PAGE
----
Several Singapore diplomats argued against the press misrepresenting the law.

Foo Chi Hsia, Singapore’s High Commissioner to the U.K., stated that The Economist had misrepresented the law, writing in a Dec. 21st letter to the editor that it “should be looked at in the same context as our belief in the right of reply, which in our view enhances rather than reduces the quality of public discourse.”

“Readers can see both and decide for themselves which is the truth,” she wrote. “How does twinning factual replies to falsehoods limit free speech?”

Further, Singapore’s ambassador to the U.S., Ashok Kumar Mirpuri, disputed a Washington Post story that cited critics saying the law could have a “chilling effect on online free expression.”

Singapore and Morocco aren’t the only countries to go after free speech and press, the coveted Russia who is accused of hacking the U.S. election without a shred of public verifiable evidence I might add, has also introduced a “fake news” law. Russia’s law bans irresponsible “fake news” and public dissent against authorities, as Activist Post reported.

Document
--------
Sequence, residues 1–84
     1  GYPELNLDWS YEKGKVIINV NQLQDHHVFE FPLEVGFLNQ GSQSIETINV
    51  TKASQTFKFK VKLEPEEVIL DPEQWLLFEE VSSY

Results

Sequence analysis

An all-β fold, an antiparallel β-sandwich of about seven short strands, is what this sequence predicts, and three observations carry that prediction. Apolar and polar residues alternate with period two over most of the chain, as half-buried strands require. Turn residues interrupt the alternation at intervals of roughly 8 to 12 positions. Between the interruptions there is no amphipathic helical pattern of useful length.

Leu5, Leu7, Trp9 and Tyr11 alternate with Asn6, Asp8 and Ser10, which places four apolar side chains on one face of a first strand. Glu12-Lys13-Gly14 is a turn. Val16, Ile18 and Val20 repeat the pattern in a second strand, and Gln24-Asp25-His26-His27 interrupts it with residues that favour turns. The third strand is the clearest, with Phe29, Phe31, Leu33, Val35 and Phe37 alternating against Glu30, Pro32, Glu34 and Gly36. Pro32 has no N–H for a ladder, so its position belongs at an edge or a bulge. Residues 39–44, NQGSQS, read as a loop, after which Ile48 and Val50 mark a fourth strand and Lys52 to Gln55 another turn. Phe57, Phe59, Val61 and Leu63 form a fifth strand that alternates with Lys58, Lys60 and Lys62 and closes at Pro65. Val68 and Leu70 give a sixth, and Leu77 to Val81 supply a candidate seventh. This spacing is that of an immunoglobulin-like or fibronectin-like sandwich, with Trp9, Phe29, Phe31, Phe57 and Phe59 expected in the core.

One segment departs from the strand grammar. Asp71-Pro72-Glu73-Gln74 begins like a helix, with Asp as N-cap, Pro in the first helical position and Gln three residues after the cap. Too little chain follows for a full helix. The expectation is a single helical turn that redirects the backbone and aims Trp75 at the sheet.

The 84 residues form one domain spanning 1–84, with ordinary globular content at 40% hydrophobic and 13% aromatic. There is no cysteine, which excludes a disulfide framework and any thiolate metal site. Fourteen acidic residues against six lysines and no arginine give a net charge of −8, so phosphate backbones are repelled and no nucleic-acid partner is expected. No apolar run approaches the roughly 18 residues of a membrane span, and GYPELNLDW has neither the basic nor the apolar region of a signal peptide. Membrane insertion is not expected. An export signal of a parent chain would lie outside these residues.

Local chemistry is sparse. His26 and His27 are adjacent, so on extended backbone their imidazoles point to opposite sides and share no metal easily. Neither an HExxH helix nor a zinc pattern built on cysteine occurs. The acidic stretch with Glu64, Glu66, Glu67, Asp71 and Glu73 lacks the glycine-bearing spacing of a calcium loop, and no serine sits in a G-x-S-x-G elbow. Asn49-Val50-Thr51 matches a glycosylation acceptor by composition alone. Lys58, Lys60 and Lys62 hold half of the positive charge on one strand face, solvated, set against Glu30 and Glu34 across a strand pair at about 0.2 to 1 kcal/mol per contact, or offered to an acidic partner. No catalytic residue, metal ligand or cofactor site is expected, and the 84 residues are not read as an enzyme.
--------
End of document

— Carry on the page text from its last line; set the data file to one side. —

With that we just want to ask, what could possibly go wrong?

Ever since the U.S. itself signaled a potential end to journalistic freedoms and freedom of speech with the arrest of WikiLeaks Founder Julian Assange in May, all over the world countries have started cracking down on those freedoms as well. For example, shortly after Assange’s arrest there was a raid at Australian Broadcasting Corporation (ABC) by the Australian federal police (AFP) over a series of articles the broadcaster ran in 2017 into the clandestine operations of Australian special forces in Afghanistan.